Thursday, March 08, 2007

Analyzing the Writing of Others

How often do you finish reading a book and think, “That was good.” It kept you reading and when you turned the last page, you were satisfied and hoping there would be another with the same characters.

Hopefully, you do that a lot. If so, then pick out one (or two) and do an analysis of it. You can decide what you want to study, but here are some ideas:

Make a list of the characters – the lead, the opposition or antagonist, the sidekick or best friend, the red herrings (if it’s a mystery), the character who hinders the lead or blocks her/his way, and those characters who are color for the background.

Note what page the first turning point takes place. Is there a major turning point around the middle or two-thirds of the way through the book? What is the climax point? Now take those page numbers see where they fall in relation to the entire book.

The middle is where a lot of books sag, so note what things happen in this section to keep the book forward, to keep the action up.

We all know there needs to be a hook to get things going in the beginning of the book. How about hooks throughout the book? Does every chapter end with a page turner hook? If not, then how often was there a hook that made you keep reading?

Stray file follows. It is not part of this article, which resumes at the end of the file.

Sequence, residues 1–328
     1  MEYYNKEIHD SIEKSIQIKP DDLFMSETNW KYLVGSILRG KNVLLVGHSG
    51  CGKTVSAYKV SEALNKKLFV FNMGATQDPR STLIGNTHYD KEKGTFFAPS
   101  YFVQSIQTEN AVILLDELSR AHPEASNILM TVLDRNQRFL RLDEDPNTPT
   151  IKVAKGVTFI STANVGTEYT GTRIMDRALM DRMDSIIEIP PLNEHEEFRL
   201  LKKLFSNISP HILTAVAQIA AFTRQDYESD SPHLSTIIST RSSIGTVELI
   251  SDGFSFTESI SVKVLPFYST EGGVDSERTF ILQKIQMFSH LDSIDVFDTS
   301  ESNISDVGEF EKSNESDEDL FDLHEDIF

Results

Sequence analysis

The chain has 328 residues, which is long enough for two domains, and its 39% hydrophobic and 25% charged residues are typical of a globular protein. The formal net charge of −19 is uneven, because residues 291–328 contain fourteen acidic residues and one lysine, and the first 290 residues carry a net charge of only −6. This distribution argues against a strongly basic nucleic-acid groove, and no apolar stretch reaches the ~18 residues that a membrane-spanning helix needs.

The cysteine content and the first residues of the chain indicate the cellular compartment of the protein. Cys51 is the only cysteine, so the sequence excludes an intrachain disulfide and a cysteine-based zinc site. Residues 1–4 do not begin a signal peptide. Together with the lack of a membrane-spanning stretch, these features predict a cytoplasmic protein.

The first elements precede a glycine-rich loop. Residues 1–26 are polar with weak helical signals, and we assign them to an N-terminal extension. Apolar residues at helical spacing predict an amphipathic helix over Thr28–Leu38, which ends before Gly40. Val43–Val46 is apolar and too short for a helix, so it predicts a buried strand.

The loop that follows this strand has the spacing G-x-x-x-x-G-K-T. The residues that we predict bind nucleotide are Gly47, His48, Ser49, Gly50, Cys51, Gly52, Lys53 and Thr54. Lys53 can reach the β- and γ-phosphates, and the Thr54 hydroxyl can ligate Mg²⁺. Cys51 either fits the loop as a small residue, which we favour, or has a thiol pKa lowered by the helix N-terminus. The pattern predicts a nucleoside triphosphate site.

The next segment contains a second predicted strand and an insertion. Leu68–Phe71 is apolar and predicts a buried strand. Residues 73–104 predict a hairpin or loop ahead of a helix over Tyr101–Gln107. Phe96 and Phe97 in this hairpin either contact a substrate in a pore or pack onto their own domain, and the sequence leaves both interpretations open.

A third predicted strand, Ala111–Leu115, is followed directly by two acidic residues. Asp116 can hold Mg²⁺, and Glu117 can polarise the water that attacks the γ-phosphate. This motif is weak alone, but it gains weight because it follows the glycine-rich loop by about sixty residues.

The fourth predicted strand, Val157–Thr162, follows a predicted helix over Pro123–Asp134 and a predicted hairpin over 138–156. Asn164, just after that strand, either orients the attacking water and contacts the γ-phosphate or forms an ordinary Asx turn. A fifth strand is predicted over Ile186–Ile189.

In addition to the action plot line, what was the emotional story? How was it resolved?

There are a lot of other things you may want to look at, like how did the author employ the five senses? Was the setting vivid and memorable? What was the length of the chapters? What was your estimated word count for the entire book? Was there a ticking clock? Did you feel the lead’s live or desire was in danger?

Take the book apart and figure out why you liked it so much. Then apply what you’ve learned to your own writing.

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